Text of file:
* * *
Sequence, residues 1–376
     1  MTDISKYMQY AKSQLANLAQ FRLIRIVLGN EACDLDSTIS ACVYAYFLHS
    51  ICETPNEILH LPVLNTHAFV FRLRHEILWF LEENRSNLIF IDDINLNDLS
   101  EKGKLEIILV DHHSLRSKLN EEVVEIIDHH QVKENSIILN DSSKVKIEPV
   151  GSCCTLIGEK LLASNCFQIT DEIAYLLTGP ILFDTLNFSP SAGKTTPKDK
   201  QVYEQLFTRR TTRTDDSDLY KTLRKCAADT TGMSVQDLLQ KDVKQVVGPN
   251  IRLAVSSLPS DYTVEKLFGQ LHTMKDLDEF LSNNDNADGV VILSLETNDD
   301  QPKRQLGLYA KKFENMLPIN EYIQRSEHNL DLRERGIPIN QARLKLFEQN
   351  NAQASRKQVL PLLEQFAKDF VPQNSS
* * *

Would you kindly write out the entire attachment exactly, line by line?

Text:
Sequence, residues 1–376
     1  MTDISKYMQY AKSQLANLAQ FRLIRIVLGN EACDLDSTIS ACVYAYFLHS
    51  ICETPNEILH LPVLNTHAFV FRLRHEILWF LEENRSNLIF IDDINLNDLS
   101  EKGKLEIILV DHHSLRSKLN EEVVEIIDHH QVKENSIILN DSSKVKIEPV
   151  GSCCTLIGEK LLASNCFQIT DEIAYLLTGP ILFDTLNFSP SAGKTTPKDK
   201  QVYEQLFTRR TTRTDDSDLY KTLRKCAADT TGMSVQDLLQ KDVKQVVGPN
   251  IRLAVSSLPS DYTVEKLFGQ LHTMKDLDEF LSNNDNADGV VILSLETNDD
   301  QPKRQLGLYA KKFENMLPIN EYIQRSEHNL DLRERGIPIN QARLKLFEQN
   351  NAQASRKQVL PLLEQFAKDF VPQNSS